Climate Science Commentator Charles Nagy explains how the Oregon Petition creates an illusion of scientific argument by using the language of expertise and ignoring relevance.
There are very good reasons why elite tennis players do not employ golf coaches to train them. It is not that golf coaches are not experts, it’s that they are experts in the wrong things. If you had high blood pressure and were suffering from shortness of breath, would you go to your dentist or a cardiologist? Both have studied medicine. Both have the equivalent of a doctorate. But you would have to be an idiot to consult your dentist regarding your heart problems – whilst your dentist is undoubtedly an expert in some medical matters, he or she is an expert in the wrong things.
This seems so straightforward and non-controversial there should be no point in highlighting it. However, over the past 30 years or so, many right wing “think” tanks have been set up – mainly funded by the fossil fuel industry – who have recruited a series of scientific “experts” to help cast doubt on the science of Global Warming. In doing so, they have taken advantage of the general public’s ignorance over what actually constitutes a scientific “expert”.
Whilst the public are generally comfortable with expert opinion in sports or medicine, or other non-controversial areas, they seem to be a bit hazy on scientific expertise. For example, for the past 30 years or so, there has been a meme circulating the internet that about 30,000 scientists disagree with the main scientific consensus that Global Warming is happening. It is called the “Oregon Petition”, and you will see it regularly trotted out to counter any new report on the overwhelming number of Climate Scientists who agree that Global Warming is a serious danger to humankind.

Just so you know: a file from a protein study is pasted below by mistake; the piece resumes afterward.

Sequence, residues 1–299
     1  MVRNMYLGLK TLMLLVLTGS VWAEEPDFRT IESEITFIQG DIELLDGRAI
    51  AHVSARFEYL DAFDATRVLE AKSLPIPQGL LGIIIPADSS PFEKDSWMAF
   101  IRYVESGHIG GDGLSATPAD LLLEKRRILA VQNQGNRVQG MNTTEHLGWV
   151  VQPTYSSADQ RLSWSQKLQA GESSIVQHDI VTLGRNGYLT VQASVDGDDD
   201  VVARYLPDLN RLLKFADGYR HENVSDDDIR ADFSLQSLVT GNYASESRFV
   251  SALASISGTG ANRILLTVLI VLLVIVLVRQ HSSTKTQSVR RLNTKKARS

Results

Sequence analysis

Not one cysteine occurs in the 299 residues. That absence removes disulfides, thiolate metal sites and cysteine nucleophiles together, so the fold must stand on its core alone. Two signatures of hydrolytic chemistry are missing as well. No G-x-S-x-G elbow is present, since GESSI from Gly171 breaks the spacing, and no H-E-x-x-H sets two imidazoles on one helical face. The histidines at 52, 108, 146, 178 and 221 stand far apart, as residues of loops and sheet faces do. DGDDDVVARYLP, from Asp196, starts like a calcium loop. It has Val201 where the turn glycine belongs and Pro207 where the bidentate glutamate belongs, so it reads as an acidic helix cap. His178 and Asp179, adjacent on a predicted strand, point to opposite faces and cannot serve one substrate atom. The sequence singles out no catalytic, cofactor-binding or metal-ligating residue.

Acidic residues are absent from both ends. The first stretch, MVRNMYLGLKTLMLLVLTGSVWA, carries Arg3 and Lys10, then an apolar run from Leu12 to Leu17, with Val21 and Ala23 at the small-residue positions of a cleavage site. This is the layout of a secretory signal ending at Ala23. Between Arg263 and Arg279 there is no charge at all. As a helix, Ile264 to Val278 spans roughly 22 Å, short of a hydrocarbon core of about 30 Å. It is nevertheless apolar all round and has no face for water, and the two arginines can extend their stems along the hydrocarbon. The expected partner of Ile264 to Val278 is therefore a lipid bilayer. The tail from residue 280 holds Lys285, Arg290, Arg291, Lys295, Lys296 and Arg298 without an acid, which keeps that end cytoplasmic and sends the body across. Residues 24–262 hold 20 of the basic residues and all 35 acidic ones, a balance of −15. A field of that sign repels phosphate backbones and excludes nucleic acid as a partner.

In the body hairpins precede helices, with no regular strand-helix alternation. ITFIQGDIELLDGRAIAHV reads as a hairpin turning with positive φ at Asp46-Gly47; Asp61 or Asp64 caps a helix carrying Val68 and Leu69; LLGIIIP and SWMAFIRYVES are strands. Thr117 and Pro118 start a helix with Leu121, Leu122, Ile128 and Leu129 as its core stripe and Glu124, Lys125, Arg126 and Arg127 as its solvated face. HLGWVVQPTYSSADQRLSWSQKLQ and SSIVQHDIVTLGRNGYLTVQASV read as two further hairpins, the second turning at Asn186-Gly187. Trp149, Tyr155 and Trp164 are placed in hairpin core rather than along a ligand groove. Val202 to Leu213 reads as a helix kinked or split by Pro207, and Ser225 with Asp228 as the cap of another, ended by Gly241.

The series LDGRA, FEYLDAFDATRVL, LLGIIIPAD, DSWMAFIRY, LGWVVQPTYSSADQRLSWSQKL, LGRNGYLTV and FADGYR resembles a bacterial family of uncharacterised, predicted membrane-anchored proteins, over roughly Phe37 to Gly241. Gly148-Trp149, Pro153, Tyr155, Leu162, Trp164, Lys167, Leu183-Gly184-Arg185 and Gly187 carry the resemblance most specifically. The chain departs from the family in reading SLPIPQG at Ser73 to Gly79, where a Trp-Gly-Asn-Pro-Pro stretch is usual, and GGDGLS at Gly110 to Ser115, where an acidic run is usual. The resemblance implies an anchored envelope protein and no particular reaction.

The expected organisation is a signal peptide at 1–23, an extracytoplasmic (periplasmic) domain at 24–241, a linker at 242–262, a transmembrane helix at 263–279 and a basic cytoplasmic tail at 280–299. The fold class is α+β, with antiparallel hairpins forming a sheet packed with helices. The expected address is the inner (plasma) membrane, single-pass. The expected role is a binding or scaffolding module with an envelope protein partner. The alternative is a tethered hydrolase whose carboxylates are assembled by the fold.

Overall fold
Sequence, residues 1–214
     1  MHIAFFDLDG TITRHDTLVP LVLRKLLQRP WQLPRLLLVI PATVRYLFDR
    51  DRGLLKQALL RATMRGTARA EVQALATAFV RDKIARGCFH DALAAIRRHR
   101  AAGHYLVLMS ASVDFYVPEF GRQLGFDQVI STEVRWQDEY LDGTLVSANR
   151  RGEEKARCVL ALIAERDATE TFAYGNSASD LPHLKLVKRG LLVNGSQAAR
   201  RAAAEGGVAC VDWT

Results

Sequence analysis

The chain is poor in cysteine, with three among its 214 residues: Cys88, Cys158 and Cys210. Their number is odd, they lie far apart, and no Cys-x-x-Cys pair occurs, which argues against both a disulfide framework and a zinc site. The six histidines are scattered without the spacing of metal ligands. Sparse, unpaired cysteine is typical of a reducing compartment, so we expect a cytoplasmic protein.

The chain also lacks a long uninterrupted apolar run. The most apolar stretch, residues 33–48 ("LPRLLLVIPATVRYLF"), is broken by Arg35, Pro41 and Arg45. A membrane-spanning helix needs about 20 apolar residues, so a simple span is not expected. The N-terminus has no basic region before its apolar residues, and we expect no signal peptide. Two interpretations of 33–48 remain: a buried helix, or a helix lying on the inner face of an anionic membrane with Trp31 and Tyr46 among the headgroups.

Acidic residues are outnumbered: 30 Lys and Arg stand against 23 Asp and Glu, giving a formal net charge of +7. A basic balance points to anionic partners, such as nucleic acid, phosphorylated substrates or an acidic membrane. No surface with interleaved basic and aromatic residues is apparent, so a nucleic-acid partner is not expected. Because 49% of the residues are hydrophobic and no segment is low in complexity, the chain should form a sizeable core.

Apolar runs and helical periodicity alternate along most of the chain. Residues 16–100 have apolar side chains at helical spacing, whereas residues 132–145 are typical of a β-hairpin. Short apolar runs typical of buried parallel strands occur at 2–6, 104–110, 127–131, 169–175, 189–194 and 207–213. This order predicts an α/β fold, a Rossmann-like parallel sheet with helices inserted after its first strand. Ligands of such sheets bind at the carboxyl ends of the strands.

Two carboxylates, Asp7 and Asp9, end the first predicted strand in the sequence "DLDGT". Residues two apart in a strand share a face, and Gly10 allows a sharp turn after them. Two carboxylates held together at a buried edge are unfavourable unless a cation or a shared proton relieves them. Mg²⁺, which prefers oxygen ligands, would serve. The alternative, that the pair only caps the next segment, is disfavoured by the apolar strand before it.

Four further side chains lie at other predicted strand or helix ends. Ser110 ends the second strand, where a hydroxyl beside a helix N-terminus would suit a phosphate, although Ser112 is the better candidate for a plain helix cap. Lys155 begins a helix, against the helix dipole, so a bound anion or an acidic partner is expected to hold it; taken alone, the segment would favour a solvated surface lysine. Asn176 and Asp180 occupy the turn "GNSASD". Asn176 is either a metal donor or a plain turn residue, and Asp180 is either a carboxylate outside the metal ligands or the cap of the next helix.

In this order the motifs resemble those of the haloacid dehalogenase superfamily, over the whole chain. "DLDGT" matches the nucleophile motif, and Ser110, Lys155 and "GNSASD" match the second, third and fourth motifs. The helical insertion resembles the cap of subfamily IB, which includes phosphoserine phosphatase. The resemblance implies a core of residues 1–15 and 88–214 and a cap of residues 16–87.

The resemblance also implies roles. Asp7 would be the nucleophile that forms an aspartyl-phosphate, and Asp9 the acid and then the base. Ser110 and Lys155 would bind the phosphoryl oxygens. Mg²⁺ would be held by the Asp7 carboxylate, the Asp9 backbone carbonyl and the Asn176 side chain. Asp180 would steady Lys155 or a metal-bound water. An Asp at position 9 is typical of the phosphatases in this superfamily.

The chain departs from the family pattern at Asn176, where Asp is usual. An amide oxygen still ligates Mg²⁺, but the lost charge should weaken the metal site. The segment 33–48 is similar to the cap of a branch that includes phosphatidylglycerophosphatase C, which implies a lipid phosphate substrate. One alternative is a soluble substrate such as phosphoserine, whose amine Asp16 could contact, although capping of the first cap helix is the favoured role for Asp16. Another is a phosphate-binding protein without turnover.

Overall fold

There have been probably at least 10 scholarly, peer reviewed, studies by different researchers showing that at least 90% or greater, of climate scientists agree that Global warming is happening, is dangerous and is human caused. This has been met with a furious wave of denial from the above mentioned “think” tanks where they use dubious statistical methods to try to undermine these results. The fact that all these studies are by different researchers, using different methodologies and have all been peer reviewed (the gold standard in scientific studies), seems to have escaped them. It is possible that one or two of them were perhaps flawed in some way, but all of them reporting the same results, and all of them wrong?
But back to the “Oregon Petition”. In addition to trying to discredit these legitimate scientific studies, someone decided to set up a website where you could express your opposition to, and refusal to accept climate science; if, and it’s a big if, you are a “scientist”. So how do you get to prove your scientific expertise? Ah, well there is the rub. You simply tick a box! There is validation that you actually have the degree you claim, in the discipline that you nominate? In fact, on the petition there is a Dr Gerri Halliwell (of Spice Girls fame), plus most of the cast from the TV show MASH.